Microgreens are one of the easiest edibles to grow no matter how little space you have. Here’s how to grow and harvest microgreens in no time.
Microgreens are one of the easiest edibles to grow, no matter how little space you have. The young shoots are high in nutrients and while they may not fill you up, they add colour and flavour to salads and can be used as a cocktail garnish.
Microgreens vs Sprouts
While microgreens share commonalities with sprouts, there are main differences. Simply put, sprouts are germinated in water and eaten before the leaves have formed. Microgreens, the seedlings of some herbs and vegetables are planted in soil and harvested after their leaves form.
Growing microgreens is very easy. All you need is a little soil, seeds, a container, a water spray bottle and a spot that gets daylight. Once you’ve grown them for the first time, you’ll be doing it again as it’s so simple and they grow so fast. No wonder so many people have set up businesses and started microgreens. I have two trays by the window sill growing at different stages and it takes next to no effort to get a harvest.
You can grow microgreens in small plastic containers such as those that come with your berries, giving plastic a second usage. Simply line them with paper towel to stop the soil from leaching out while still providing drainage.
I’m reusing small terracotta pots that came with a dip. They have no holes and being glazed, it means water does not drain out so I make sure I don’t overwater and use a spray bottle.
How to Grow Microgreens
If you’re a beginner, the steps for growing microgreens are simple. Here’s what I do:
- Soak the seed in water overnight to assist in germination. This is particularly helpful for larger seeds.
- The next day, sift your potting mix to remove any large chunks.
- Fill your container with the sifted potting mix about 2-3cm deep. Moisten the soil using a water spray bottle. It should be moist but not soaking wet.
- Drain the water from the seeds, sprinkle them evenly on top of the soil and pat them down.
- Cover with 0.5cm of sifted potting mix and moisten using a water spray bottle.
- Cover with plastic wrap with holes punched in until the seeds sprout. You can also use a lid with holes punched into it but check what it says on the packet of seeds as some need light to germinate. Keep it moist, don’t overwater, or they can get mouldy.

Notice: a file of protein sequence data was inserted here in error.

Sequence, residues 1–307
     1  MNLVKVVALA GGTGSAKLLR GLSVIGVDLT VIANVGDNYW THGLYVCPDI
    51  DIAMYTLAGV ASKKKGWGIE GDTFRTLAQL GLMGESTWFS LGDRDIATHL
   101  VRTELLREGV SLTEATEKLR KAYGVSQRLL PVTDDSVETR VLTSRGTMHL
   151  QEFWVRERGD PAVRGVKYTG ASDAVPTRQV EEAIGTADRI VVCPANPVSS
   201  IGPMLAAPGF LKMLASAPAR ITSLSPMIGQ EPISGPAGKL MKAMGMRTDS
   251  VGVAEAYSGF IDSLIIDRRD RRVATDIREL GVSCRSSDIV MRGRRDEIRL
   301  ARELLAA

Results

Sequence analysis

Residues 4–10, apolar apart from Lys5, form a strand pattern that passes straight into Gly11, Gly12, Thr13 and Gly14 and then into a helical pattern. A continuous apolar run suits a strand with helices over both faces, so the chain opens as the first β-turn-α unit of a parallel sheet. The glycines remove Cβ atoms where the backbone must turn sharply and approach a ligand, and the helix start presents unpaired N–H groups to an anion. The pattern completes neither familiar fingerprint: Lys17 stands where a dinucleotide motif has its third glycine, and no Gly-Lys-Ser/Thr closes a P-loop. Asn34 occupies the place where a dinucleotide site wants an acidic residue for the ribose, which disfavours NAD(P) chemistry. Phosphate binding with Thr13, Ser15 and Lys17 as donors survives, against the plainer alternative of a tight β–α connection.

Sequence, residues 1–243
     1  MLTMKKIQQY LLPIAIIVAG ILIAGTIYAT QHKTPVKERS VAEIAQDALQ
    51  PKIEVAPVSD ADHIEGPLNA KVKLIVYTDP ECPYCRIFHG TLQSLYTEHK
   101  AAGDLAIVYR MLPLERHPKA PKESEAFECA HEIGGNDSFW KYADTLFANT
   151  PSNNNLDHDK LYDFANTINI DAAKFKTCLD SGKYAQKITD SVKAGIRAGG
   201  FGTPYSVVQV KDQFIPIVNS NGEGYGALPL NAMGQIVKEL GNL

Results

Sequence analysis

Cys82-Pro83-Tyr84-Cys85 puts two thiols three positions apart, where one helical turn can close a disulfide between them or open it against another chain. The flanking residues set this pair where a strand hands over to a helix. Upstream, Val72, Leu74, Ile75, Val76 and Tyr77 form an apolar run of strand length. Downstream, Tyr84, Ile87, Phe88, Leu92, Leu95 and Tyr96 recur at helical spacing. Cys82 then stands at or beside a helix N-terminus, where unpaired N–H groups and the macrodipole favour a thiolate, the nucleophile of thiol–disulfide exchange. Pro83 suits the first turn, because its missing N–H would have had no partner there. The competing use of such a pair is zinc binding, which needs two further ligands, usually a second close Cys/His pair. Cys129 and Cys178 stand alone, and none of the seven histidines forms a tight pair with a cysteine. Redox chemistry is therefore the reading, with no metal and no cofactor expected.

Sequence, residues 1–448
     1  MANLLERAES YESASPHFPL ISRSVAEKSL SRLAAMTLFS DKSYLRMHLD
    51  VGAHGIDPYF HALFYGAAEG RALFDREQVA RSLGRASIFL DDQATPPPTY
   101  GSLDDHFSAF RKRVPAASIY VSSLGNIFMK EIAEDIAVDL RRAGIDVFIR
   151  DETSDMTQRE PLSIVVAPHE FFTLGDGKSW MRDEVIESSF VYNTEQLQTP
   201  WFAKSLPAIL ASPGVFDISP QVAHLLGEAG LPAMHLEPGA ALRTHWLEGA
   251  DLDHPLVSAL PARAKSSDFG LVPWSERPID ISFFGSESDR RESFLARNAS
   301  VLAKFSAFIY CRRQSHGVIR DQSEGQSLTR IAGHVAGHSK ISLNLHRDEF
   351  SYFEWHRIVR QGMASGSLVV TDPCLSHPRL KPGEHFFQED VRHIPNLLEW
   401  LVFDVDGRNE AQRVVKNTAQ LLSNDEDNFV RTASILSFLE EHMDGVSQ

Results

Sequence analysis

- Place the container on a window sill that gets daylight. Once they have sprouted, remove the plastic wrap/lid.
- Add a weak liquid seaweed fertiliser to the water spray bottle to boost the nutrients in the microgreens. This is an optional step that admittedly I don’t always follow.
Microgreens Growing Tips
- When it comes to the soil, it’s best to use an organic potting mix which has the red Australian Standards tick. You can also use cocopeat but I haven’t tried it yet.
- Unlike sprouts, microgreens need sunlight to grow and a kitchen window sill that gets daylight is the ideal spot.
- As the shoots start to grow, they will lean towards the sun. Rotate your container by 180 degrees to keep them straight.
- Microgreens are best used straight away though they remain fresh for a couple of days.
- Harvest when they have true leaves by snipping with scissors at soil level. Don’t pull them out and disturb the roots.
- It’s best to have your soil flush with the top of your container to make it easy to snip with scissors.
- You can reuse a microgreen tray but first you need to remove the remaining roots and you may need to top up the soil.
- After a few uses, when a microgreen tray is finished, you can add it to the compost or put it in the green bin.
What Can I Grow as Microgreens
Many leafy greens and salad vegetables can be grown as microgreens. Black chia seeds, a variety of amaranth, red cabbage, sprouting celery, mustard greens, rocket, tatsoi, sprouting radish, watercress, bulls blood beetroot and red kale are all suitable to name a few. I’m currently growing black chia, amaranth red leaf, bulls blood beetroot and red kale microgreens.